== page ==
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Computer: Scanner
Optical Disk Scanner To Cope With Media Obsolescence   (+3, -2)  [vote for, against]
Use a high resolution scanner to read the image of an optical disk into memory in one pass

This is both a hardware/software combination (but most users will have a scanner already, and a computer to run the application on).

The idea is not really practical nor meant for use today, but rather in the near future. I think it’ll be one of those inevitable solutions that will pop up when the need arises.

It came about when I was burning a DVD of some video of my son, and wondered if he’d have a problem finding something to play it on in the future, when DVDs are as ancient as my pile of Super8 reels (that I have no way of playing).

Basically, what it does is scans an image at sufficiently high quality, of whatever optical medium you need to read (like CD, DVD, FMD etc.) into memory to be interperated by software. Think of the software as something like OCR, but in this case it’s designed to reconstruct the files written on an optical disk by reading the zero/one reflections from the scanner image.

So… it’s 2025 and your kid wants to show off his primitive low resolution baby videos to his buddies around the world: He pops the DVD onto his scanner, and his computer determines the type of disk, the data contained on it, and the appropriate codec (or it quickly invents its own based on an analysis of the data), then plays it or converts it into a modern file type.
-- TIB, Apr 05 2004

MySoulWander's (funny name!) link as a link
no charge for this service [po, Oct 04 2004]

Digital Needle
Produces wav files from scanning records. [NoOneYouKnow, Feb 23 2006]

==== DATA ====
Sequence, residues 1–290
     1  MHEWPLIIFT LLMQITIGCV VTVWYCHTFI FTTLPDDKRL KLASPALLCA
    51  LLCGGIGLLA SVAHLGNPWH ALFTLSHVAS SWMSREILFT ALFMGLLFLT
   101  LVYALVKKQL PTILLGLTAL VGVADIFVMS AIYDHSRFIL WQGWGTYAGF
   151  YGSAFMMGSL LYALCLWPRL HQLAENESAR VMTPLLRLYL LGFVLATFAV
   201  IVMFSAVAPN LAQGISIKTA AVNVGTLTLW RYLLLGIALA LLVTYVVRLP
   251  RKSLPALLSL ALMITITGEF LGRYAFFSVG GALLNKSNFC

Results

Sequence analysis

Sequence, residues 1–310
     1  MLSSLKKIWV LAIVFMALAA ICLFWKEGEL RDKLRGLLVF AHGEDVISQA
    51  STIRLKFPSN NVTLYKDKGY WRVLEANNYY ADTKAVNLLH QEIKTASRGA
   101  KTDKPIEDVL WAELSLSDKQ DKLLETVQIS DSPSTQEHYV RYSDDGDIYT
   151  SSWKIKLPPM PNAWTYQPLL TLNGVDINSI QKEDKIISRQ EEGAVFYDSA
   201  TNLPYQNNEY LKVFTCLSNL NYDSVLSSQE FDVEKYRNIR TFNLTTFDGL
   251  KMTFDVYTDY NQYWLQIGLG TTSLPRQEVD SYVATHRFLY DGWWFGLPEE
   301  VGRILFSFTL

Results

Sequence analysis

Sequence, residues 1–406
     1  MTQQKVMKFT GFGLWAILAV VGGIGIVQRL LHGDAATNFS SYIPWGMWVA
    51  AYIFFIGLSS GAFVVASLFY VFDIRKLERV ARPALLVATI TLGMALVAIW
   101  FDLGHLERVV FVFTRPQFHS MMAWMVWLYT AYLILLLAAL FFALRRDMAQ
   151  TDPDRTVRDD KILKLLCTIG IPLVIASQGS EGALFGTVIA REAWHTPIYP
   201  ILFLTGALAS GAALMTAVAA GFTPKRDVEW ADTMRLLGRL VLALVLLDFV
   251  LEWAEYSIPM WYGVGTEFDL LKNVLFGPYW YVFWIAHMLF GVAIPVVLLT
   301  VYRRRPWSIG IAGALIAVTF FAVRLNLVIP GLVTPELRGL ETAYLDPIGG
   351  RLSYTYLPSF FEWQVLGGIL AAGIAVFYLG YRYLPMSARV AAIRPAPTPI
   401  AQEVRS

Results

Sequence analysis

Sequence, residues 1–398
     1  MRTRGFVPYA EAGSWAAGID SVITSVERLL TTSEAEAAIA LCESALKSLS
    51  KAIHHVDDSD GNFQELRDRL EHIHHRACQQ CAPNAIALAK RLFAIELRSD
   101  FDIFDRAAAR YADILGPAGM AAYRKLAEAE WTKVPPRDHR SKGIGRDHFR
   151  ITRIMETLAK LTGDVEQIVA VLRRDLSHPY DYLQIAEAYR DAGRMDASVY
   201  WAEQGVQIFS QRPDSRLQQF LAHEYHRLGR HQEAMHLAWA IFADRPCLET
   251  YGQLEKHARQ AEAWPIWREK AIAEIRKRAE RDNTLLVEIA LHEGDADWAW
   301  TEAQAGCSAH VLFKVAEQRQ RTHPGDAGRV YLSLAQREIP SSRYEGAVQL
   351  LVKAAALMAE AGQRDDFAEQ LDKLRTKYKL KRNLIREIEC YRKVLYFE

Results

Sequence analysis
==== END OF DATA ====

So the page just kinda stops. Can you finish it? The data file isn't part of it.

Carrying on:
Analog Needle
Records sounds by physically scratching optical disks. Half way down. [spidermother, Feb 23 2006]

Optical mouse used as scanner http://sprite.stude.../projects/mouseeye/
For [maisere]. Requires some hardware modification. [spidermother, Mar 05 2006]

CD Detonator CD_20Detonator
[Aq_Bi, Mar 06 2006]

Like it. Most scanners nowerdays are cheap and super high resolution, so its only a matter of time before we get ones that can see better than we can. DVDs are a bit of a problem because they are basically CDs with layers (the laser is focused at different levels to read the different levels - imagine putting lots of cds on top of each other, same thing). I actually had the same idea for records, where it was scanned rather than read with a needle, to prevent damage.
-- miasere, Apr 05 2004

TIB just regularly bring the data forward into a new format. should avoid the problem and add to the kids fun, in the ooh look at what this was first stored on. look at old tape recorder tapes compared to CD's.
-- engineer1, Apr 05 2004

Miasere: You might want to check out this site: To archive your old LPs
-- MySoulWanders, Apr 05 2004

If you try to scan a barcode an an image--even a 2D barcode--the space required to store the scan will have to be orders of magnitude greater than the amount of information contained in the barcode, if the barcode data is to be reconstructed usably. The situation with optical disks would likely be even worse.
-- supercat, Apr 05 2004

sadly, cd, dvd & similar media degrade so fast that they're really not long-term storage. best to keep converting upwards.
-- allterrainbrain, Feb 23 2006